4) A Wazir at court may "plunder" the Taifa of their Prince, which orders all of their Prince's units to hold, preventing them all from moving and earning the Wazir 1 Dirham for each unit (this is the only way for Wazirs to give order to more than one unit a turn)
    A "plunder" action can be countered by a Prince's "arrest" action, which supersedes it
    5) A Wazir wins the game with respect to his fellow Wazirs if s/he has the most Dirhams at the conclusion of the game
    6) A Wazir wins the game with respect to the Princes if s/he has more than 3 Dirhams for every center controlled by the most powerful Prince at the conclusion of the game

In Al-Andalus instead of just convincing the Taifa of Zaragoza to betray the Castillian maybe you can convince the Castillian's Wazir, who can devastate Castille for a turn (or two!) and then come running to join you at your court.

The Taifa's:
Castille (the only Christian player, though that has no in-game effect)
Badajoz
Zaragoza
Seville
Granada

The map in 1080 (with starting units):
Wazir Diplomacy 1080.gif
Wazir Diplomacy 1080.gif (35.74 KiB) Viewed 1200 times


The reason I'm posting it here under "in development" is because I wanted to see about getting some feedback from the community, as it has never been play tested, before I move it to "seeking players".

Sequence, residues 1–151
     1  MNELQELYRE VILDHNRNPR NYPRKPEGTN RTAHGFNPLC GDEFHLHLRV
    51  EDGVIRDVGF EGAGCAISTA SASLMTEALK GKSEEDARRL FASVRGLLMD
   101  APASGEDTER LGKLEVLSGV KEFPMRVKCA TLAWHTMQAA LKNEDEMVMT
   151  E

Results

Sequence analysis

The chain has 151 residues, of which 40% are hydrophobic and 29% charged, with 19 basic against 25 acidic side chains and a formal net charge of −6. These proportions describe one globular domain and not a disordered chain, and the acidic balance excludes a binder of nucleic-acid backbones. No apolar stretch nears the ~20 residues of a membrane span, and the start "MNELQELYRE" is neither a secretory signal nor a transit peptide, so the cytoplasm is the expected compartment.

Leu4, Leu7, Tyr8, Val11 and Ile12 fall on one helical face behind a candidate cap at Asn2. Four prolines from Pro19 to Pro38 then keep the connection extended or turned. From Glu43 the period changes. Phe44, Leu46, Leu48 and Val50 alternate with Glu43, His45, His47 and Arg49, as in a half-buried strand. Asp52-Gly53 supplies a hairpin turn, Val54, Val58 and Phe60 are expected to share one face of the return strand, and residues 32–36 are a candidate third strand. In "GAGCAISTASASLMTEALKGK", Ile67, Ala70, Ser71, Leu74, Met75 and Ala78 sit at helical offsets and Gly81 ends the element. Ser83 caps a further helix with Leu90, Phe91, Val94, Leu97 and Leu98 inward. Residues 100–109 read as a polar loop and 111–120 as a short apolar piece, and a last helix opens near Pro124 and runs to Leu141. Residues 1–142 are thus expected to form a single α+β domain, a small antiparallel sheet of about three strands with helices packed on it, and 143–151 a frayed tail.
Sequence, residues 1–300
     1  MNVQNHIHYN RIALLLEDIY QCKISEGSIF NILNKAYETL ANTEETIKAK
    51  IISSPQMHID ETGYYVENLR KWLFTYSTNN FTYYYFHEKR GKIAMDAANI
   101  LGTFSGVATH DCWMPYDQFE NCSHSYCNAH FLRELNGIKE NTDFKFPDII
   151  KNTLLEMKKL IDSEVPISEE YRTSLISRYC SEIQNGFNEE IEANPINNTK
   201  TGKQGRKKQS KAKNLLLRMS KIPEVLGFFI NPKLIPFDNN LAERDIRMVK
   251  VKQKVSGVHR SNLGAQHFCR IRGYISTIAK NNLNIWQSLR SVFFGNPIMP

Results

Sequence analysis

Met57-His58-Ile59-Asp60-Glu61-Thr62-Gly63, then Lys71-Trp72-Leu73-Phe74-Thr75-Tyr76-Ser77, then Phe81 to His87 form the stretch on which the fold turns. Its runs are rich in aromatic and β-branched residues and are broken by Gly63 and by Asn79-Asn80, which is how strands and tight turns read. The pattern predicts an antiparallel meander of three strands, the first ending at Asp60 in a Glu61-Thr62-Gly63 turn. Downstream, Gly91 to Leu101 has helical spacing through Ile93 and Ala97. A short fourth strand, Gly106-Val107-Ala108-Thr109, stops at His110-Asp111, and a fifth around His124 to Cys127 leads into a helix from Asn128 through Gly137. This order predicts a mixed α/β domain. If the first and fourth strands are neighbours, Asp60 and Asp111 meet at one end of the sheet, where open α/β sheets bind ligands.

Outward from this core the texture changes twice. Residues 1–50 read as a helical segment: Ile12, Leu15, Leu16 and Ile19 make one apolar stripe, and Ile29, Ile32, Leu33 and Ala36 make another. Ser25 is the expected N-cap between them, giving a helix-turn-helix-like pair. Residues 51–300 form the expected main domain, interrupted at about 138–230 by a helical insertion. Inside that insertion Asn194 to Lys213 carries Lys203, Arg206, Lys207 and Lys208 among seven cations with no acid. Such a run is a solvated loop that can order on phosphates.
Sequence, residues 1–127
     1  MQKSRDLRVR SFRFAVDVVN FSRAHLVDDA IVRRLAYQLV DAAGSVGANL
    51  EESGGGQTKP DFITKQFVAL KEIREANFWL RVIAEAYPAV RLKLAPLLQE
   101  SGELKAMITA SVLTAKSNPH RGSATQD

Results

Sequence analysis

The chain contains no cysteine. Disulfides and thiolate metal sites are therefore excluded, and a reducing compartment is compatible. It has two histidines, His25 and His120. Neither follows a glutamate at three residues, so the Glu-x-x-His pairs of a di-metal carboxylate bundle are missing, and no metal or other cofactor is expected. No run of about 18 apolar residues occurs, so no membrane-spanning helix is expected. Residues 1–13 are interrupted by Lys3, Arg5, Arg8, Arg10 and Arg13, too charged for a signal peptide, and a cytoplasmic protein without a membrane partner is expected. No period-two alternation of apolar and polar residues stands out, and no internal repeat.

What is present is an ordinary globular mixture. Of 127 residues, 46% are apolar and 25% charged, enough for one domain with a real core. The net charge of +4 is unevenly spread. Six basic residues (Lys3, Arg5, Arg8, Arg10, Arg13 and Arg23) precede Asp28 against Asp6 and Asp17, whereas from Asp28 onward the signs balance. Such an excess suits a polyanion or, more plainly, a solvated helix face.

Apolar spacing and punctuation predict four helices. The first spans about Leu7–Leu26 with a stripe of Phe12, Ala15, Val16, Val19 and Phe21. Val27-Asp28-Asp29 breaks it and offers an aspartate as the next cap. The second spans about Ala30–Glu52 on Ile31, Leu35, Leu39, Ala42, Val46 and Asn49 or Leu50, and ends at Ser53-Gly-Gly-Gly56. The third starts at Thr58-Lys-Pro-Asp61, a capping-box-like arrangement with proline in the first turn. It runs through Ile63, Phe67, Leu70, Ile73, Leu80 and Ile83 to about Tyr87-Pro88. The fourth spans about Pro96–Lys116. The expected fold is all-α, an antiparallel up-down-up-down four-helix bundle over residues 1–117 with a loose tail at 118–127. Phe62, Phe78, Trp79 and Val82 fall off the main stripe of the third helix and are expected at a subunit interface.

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Re: Al-Andalus Diplomacy (DVFG)

Postby fijikilo0 » 24 Oct 2014, 02:02

Interesting twists... i dont know much about iberian history but this looks fun, with the wazirs you never know if they are with you or against you. so i suppose the princes have to tell the wazir which units are moving but not where? Otherwise the wazirs can just tell the enemies what is going on, but they still need to know which unit the prince allows them to control.
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Re: Al-Andalus Diplomacy (DVFG)

Postby Aeschines » 24 Oct 2014, 03:00

Exactly!

Because you need to coordinate with your Wazir about unit moves (so you don't accidentally give an order to the same unit) they necessarily are in on your plans. But, unlike a regular ally in diplomacy, their win-condition isn't the same as yours so it's that much harder to 'pay of them' so to speak, since you can't give them territory (or help them take it!).

And on the other hand again, the Wazir has an incentive to actually work with you because the more units you have, the greater their potential is to make money off of you (either through a plunder or just by convincing you to hold some of your units).
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Re: Al-Andalus Diplomacy (DVFG)

Postby pjkon » 02 Nov 2014, 23:06

My guess is that Wazirs will be doing a lot early game, but one the game goes on for a little while all of the big empires will prefer to always hold one unit (then a far smaller fraction of their total force) then subject themselves to the risk of getting plundered at an inconvenient time (paralyzing their entire huge force), and the Wazirs will then have nothing to do. I don't know if this is intended or not, but either way this would certainly be an interesting game to play either way.